When I first started working for the Congressional Budget Office back in 2009, I quickly developed a reputation as the guy who hates PDFs. It’s followed me pretty much ever since.
There’s a bit of me that resents that reputation. I routinely share domain and ecosystem models as PDFs, and generally rely on a PDF when I want someone to comment on the substance of a document rather than wordsmith individual sentences.
What I dislike are PDFs as web content.
PDFs are designed for printing. There’s nothing particularly wrong with printing out a PDF. I spent a not-inconsiderable percentage of my graduate school career (and stipend!) standing at a photocopier, making copies two pages and $0.10 at a time.
The PDF is a decided improvement.
The problem with the PDF isn’t the form. It’s the way it presumes a particular way of thinking.
Writing is a product of the available technology. When you’re limited to a quill and parchment, you write down only the really important stuff. When you can buy a Bic and a Mead notebook for $0.75, you tend to doodle Batman symbols everywhere.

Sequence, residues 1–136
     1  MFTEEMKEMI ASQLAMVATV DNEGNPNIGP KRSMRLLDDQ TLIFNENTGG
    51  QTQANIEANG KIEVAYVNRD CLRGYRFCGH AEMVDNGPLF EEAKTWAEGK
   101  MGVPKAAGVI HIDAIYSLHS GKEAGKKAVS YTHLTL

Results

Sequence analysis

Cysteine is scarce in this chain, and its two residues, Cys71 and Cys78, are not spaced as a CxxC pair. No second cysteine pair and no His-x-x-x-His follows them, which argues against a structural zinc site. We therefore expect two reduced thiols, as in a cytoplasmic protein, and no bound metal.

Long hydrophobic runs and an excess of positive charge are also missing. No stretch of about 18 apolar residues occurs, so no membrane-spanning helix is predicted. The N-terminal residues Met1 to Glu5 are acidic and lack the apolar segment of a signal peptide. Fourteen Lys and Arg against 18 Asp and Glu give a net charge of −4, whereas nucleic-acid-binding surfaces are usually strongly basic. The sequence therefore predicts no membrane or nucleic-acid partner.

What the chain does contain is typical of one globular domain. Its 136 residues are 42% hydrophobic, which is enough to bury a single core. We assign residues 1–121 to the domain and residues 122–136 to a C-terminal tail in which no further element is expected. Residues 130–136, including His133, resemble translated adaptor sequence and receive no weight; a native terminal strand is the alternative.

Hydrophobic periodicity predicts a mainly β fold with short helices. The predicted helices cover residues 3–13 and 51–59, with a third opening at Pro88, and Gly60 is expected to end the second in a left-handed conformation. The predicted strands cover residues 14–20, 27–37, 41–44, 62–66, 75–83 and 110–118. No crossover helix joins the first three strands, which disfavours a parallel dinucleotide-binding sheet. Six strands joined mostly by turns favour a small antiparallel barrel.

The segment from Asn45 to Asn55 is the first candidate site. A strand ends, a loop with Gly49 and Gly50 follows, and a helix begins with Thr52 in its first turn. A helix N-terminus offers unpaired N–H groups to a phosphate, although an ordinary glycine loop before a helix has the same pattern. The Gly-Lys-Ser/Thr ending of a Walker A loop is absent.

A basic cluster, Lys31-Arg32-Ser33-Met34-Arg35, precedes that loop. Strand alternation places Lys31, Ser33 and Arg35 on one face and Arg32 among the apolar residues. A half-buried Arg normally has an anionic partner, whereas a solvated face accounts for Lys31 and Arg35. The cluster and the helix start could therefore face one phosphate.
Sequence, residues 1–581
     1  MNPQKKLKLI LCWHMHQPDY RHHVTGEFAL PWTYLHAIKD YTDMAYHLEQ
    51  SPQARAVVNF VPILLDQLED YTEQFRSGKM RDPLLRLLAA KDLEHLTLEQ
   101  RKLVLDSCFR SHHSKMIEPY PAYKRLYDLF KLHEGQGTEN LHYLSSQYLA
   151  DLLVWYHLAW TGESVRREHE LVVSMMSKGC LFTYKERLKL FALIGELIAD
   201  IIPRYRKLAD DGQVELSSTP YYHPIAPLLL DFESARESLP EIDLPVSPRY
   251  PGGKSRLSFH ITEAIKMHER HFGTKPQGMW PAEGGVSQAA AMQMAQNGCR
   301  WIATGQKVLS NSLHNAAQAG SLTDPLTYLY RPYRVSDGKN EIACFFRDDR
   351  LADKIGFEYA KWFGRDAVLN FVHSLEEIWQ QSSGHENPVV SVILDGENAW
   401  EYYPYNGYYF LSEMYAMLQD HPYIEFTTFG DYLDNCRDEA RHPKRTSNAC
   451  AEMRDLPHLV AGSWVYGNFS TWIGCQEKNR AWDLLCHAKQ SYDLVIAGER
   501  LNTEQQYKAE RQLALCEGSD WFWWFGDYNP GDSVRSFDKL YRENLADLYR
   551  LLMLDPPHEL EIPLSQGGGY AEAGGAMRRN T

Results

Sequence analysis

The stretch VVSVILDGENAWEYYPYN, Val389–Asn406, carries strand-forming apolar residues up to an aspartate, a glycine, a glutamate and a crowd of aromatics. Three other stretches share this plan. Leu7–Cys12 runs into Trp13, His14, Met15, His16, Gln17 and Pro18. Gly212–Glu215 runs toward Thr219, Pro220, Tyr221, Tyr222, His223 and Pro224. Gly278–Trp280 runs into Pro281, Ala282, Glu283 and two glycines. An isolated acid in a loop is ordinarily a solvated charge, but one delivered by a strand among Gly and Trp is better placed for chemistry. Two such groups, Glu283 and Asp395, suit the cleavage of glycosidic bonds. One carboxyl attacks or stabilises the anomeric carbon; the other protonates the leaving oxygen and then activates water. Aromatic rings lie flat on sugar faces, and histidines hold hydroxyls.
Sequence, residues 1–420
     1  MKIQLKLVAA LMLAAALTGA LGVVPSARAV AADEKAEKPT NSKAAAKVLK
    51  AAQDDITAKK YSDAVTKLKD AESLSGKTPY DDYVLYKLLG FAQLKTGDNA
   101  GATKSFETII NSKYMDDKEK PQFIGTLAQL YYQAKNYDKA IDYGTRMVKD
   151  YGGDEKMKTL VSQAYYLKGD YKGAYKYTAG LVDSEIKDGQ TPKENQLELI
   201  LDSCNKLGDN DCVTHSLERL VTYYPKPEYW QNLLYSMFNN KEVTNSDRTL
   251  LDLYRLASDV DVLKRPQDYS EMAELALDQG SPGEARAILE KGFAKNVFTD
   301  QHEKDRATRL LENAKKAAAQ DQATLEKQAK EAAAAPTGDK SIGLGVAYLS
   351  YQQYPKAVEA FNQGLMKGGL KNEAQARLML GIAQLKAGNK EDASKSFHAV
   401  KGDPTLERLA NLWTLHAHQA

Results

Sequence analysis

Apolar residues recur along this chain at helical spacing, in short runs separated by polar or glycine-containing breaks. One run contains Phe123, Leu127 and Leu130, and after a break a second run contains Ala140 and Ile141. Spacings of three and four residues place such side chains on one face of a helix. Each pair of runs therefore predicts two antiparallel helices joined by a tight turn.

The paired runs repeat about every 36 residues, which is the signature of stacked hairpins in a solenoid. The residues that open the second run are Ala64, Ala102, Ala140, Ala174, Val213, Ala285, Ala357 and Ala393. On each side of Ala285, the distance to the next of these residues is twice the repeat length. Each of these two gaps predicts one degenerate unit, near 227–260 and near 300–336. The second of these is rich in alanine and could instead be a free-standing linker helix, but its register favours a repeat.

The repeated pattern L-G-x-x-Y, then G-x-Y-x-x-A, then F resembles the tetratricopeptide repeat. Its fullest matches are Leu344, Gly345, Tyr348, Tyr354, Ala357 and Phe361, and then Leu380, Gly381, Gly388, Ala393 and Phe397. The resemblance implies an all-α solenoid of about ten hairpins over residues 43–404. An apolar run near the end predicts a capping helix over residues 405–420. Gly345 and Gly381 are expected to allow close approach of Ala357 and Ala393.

But everything from the quill to the Bic is linear. How could it be otherwise? Something has to be first. Something else has to be second. It’s how paper works.
An all-too-common view in the research and policy sector is that the IMRAD report (usually in PDF) Just Is the way that such materials are presented — that the writing of such things is timeless, independent of technology. Any attempt to change the report is met with accusations of "dumbing things down." The job of designers and technologists is simply to transfer the thing into the appropriate distribution channels.
More confusingly, items with different rhetorical functions can have identical sets of attributes. This is most evident for legacy content that is posted as PDF files. A brief and a working paper have very different rhetorical functions. But the rhetoric is entirely contained in the PDF. The structural bits stored in the CMS are usually identical.